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Don't forget. Your users are real people.
User experience shouldn't just be a designer thing.
Hello! Mike with Product Party here 🎉. Welcome to the Product Party newsletter. I would love to connect with more like-minded folks who love products, tech, and everything related. So feel free click the button and share. Have a great day!
Robot Overlord Joke of the Day
Q. How does a computer get drunk?
A. It takes screenshots.
We product managers always hear, “You’re not your user.”
I hear you…I agree with you. Mostly.
We may not be the intended user of the products we are creating, but we are humans who have collected years of experience as users of other products. I am firm believer that we should not forget everything we have loved (or hated…looking at you Microsoft Zune) about technology throughout our lives.
The biggest challenge that many product managers fall into is they can be overly firm in their belief that based only on their experience, their gut solution or way to fix a problem is the best.
I’ve been guilty of this myself earlier in my career. I wanted to make sure a decision was being made, and we could get a solution on the board and start working on it. However, the problem was that once these solutions began to be built and go live, I quickly realized how poorly thought-out and narrowly-minded the enhancements were. I could have saved everyone time and pain by having a couple of conversations with the people using the product.
I’m a big fan of pulling from the human-centered design process when creating solutions. I won’t go into depth on this process, but I will give you a link if you want to read more.
I struggle with always seeing the human-centered design process through when it comes to building products because, at times being in big organizations being able to prototype, test, and iterate isn’t always feasible.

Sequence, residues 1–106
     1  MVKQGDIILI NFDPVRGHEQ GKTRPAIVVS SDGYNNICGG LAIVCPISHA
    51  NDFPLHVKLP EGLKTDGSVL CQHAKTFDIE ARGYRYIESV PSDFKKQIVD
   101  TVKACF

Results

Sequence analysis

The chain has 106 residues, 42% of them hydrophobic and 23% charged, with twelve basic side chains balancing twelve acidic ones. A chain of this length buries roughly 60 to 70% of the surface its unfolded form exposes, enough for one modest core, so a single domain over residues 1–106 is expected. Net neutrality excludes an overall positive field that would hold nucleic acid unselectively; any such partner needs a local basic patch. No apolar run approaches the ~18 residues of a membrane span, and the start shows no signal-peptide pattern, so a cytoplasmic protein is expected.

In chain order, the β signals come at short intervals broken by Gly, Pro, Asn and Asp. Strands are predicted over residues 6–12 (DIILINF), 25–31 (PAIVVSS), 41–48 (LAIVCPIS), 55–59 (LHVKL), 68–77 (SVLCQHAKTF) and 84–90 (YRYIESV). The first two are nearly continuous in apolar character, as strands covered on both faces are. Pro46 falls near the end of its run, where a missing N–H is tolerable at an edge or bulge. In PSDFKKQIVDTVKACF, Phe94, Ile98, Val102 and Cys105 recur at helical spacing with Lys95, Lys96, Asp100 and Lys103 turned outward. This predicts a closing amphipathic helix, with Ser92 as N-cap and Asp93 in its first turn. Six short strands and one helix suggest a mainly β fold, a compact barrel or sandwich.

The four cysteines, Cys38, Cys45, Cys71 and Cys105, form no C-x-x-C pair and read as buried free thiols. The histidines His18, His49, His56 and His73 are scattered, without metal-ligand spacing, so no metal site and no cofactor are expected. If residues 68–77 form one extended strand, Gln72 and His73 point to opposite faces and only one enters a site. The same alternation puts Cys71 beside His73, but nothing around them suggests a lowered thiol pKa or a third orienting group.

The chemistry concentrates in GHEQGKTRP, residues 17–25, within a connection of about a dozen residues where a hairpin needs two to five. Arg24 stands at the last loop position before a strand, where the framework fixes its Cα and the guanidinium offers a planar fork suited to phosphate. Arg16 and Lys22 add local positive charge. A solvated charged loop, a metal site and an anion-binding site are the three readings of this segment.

However, I believe no matter the product; you should be able to have conversations with the people who are using your product, simplistically document their pain points and ideate potential solutions on how your product could evolve to help these humans no longer experience this problem.
If you are in a position where testing will be difficult to execute with actual software builds, create some mockups or process flows and share them with the people you previously chatted with. Instead of telling them, “Hey! Guess what. I solved all your problems!” consider asking them questions like, “Why wouldn’t this work for you?”
Treat your conversations and adjusted prototypes as the testing and iterations expected with human-centered design. If you put in the legwork and work on these designer-esque muscles, you will grow in your ability to understand what makes your users (or fellow humans) tick and create even better solutions for them in the future.
Video of the Day
Today's video is a Tedx talk on user experience. The importance of considering real people using your products is highlighted. Don't focus on vanity metrics; focus on the impact on the people using your product.
Article of the Day
Julia Nechaeiva’s article highlights how product managers can have an ever-changing list of job responsibilities. Use the model to determine where you want to be and compare it to your current position to understand your future career moves.
Here’s an example of a few images in the article that show the output of the PM Daisy form:
I would love to hear your thoughts on the topic above. Click the button to leave a comment. Let’s go!
Mike @ Product Party
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